­

The rush to buy condominiums is hardly a passing fancy, according to a panel of experts at a multifamily housing conference in San Francisco earlier this summer.

David Mayhood, a Washington, D.C.-based sales and marketing consultant, said that of all the factors "energizing" the trend, only one -- mortgage rates -- has the "potential for change." But even higher loan costs are not likely to stop the trend, he said.

"Eventually demand will moderate" as rates go up, Mayhood told the Urban Land Institute's Multifamily Trends Conference. But sales will taper off slowly, instead of all of a sudden, he added, especially in markets where for-sale apartments are in short supply.

Mayhood and other speakers pointed out that condominiums tend to be a more risky proposition for developers than rentals. But the rewards are usually worth the effort.

Although there is no cash flow until units are sold -- and the construction lender wants to be paid in full before the builder takes a dime -- developers typically get their capital back more quickly from condo properties than from rental buildings and enjoy "significantly greater profits" if their projects are successful, said Geoffrey Stack of the Sares-Regis Group, Irvine, Calif.

In one recent condo property, SRG nailed an internal rate of return of 415 percent, Stack, the firm's partner in charge of residential operations, reported.

Mayhood said multifamily developers need "a whole other set of expertise" to do condos, if only because they are selling a product that buyers can't see until two years after they sign their contracts.

Nevertheless, he added, condos "are a natural extension" for most rental developers who already have sources for financing, management staff, a good reputation in the marketplace and a brand name.

But residential developers aren't alone in trying to cash in on the condo craze. So are commercial companies.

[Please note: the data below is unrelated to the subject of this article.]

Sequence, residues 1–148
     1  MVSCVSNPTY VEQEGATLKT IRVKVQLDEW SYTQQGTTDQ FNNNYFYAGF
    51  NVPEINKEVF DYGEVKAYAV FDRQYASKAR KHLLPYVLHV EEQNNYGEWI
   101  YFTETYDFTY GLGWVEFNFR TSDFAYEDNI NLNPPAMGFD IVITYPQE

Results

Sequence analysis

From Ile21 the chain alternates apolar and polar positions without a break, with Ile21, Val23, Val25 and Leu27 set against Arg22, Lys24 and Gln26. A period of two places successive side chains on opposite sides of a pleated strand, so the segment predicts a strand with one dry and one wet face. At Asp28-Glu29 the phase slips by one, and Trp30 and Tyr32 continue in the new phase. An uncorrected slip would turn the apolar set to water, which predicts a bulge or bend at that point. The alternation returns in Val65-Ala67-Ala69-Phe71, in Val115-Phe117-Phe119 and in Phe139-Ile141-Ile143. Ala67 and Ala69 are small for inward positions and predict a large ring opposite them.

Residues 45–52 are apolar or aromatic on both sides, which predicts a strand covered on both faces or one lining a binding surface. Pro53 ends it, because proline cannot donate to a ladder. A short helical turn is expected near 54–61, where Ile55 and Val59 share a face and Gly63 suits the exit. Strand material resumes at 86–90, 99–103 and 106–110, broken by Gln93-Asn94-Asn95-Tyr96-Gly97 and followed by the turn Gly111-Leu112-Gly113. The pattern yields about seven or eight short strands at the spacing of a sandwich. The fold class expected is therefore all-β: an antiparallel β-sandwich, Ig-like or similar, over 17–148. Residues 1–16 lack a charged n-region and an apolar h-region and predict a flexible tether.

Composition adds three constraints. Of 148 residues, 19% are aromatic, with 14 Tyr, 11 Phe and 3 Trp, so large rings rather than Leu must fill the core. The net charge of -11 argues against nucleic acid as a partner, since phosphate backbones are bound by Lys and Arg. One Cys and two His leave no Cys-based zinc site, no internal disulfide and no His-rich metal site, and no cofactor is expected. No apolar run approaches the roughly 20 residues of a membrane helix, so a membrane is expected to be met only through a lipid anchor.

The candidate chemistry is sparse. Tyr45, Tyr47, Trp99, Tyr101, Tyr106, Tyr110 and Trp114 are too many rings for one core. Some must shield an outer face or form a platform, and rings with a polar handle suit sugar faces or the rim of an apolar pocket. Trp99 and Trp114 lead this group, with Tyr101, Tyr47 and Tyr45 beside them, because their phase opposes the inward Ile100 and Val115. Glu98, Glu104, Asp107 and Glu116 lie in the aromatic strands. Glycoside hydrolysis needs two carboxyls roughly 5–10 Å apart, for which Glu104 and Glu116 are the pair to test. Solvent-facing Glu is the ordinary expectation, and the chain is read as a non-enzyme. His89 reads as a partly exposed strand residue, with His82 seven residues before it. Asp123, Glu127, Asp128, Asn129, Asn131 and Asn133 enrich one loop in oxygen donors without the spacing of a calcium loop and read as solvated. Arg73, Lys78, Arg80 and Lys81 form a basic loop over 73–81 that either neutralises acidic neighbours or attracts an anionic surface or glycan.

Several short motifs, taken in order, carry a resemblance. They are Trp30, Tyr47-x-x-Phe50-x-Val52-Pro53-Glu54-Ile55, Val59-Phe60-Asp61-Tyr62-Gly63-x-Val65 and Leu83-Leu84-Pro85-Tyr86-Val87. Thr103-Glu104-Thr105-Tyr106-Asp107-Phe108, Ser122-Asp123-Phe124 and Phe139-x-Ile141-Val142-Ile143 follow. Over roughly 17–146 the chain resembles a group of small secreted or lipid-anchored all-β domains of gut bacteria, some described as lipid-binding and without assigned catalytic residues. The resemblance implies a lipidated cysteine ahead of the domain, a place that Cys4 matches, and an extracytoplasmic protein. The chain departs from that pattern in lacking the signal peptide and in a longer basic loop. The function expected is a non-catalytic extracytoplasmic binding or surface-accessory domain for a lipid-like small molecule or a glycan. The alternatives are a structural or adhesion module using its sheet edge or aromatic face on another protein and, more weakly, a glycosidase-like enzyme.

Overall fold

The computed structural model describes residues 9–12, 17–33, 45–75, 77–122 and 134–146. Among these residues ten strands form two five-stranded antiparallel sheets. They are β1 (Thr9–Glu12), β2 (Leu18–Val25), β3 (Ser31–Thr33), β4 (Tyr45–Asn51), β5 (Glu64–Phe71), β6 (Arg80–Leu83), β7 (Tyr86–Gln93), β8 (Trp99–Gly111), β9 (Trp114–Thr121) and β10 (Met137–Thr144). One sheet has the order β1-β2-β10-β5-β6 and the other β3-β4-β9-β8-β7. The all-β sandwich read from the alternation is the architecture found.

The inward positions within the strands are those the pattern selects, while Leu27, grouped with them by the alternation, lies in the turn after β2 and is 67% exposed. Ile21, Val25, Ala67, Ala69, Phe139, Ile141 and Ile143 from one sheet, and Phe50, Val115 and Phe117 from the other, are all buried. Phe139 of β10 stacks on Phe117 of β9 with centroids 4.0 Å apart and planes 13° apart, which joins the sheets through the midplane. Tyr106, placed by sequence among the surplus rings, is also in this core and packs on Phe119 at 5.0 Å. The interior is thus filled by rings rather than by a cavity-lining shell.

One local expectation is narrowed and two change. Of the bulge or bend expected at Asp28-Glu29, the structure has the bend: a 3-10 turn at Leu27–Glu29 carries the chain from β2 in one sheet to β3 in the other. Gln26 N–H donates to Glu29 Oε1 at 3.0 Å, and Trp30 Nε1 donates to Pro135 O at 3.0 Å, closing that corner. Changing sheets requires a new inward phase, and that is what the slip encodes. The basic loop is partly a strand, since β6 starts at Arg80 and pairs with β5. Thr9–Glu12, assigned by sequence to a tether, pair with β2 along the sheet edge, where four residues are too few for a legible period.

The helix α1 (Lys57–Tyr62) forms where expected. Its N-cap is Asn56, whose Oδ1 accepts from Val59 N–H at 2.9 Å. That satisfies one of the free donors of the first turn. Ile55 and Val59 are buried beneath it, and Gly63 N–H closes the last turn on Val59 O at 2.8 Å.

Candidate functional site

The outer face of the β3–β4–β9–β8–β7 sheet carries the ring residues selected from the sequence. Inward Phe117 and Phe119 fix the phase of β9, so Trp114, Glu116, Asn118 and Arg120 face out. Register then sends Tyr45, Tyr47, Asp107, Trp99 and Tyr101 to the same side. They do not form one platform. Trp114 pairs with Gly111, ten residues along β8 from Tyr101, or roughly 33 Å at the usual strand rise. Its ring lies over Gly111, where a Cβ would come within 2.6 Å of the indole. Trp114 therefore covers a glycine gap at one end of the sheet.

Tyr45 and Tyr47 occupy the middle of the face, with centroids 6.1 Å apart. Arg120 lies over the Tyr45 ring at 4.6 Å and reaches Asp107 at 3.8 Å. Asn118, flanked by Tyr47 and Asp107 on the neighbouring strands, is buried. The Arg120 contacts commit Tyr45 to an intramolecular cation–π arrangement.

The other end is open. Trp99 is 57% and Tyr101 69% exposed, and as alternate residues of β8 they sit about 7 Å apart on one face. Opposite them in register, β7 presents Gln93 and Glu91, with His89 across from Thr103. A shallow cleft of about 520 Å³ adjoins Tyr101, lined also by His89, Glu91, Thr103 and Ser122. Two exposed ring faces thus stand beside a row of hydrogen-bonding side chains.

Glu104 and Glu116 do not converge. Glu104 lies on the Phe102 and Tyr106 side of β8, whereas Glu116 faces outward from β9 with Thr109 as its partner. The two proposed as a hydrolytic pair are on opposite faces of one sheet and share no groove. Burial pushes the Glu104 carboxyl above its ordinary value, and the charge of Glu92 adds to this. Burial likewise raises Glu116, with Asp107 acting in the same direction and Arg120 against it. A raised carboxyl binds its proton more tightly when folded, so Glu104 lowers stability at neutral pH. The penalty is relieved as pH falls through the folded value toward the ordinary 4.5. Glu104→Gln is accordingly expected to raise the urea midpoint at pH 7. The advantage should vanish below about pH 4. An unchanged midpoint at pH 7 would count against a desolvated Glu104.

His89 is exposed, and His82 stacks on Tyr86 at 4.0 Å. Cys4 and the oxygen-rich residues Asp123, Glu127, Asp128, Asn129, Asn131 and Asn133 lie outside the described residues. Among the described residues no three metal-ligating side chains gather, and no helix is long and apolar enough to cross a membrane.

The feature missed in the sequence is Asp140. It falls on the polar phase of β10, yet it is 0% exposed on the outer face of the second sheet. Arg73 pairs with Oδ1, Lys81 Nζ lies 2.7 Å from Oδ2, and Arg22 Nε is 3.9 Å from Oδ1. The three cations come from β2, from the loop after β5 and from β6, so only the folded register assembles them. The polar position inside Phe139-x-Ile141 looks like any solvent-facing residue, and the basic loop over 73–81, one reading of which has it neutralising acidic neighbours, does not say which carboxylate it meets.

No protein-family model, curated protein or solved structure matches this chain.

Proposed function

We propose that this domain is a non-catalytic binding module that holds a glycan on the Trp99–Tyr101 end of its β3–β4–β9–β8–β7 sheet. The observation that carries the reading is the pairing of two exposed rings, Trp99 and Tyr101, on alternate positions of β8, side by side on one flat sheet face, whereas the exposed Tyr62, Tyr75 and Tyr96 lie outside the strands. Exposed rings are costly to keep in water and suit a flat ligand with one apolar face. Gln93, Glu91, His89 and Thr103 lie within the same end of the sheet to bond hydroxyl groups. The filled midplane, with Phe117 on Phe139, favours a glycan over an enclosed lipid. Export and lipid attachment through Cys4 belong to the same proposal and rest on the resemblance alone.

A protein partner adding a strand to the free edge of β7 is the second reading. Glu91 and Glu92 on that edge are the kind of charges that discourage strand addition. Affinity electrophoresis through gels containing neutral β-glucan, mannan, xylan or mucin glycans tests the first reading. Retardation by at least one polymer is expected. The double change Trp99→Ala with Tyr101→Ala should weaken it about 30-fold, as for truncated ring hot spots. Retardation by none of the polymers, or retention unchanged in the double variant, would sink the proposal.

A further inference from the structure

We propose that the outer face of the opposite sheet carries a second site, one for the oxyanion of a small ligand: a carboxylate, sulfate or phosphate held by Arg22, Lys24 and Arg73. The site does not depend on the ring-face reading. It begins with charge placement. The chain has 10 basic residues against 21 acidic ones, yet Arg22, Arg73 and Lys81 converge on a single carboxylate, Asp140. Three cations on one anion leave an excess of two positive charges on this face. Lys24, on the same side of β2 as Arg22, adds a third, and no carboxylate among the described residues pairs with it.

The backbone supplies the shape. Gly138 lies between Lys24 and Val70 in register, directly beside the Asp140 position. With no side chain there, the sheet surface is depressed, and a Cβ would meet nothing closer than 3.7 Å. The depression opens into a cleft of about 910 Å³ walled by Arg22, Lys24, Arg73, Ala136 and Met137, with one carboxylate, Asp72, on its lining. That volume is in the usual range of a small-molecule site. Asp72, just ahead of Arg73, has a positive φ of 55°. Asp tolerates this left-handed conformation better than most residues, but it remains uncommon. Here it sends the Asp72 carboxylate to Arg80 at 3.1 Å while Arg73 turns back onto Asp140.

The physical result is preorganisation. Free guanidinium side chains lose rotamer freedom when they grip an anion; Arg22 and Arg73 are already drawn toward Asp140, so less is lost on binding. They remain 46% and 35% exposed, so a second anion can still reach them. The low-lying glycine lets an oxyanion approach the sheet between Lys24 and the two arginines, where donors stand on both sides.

Indeed, half the new condo properties are being done by developers who normally restrict themselves to office buildings, Mayhood reported.

Usually, though, the big guns "are big risk takers" who go after trophy properties, the marketing expert said. "They make big deals and go for big prices."

One multifamily housing developer that has been in and out of the condo market over the years has been Trammel Crow Residential. Currently, the Atlanta-based company is in the market, and it is "going to be in the business for the foreseeable future," Executive Managing Director Michael McGwier told the conference.

"We don't see the trend going away," he said, noting that millions of baby boomers and echo boomers are just as likely to be apartment owners as home owners.

Despite the huge returns and great market potential, though, Trammel Crow approaches the condo sector with caution.

For one thing, the big development firm doesn't normally close on any land deal until it has financing in place, McGwier said. And it doesn't start construction without pre-sales, or unless rentals work as a backup.

"We have two sets of plans," the Trammel Crow executive explained. "That way, if the condo option fails, we can revert back to a rental."

The company usually gives its sales people four or five months to get a property moving, he said. If they fail to generate enough momentum in that time, it's time to shift gears.

Log in to comment
­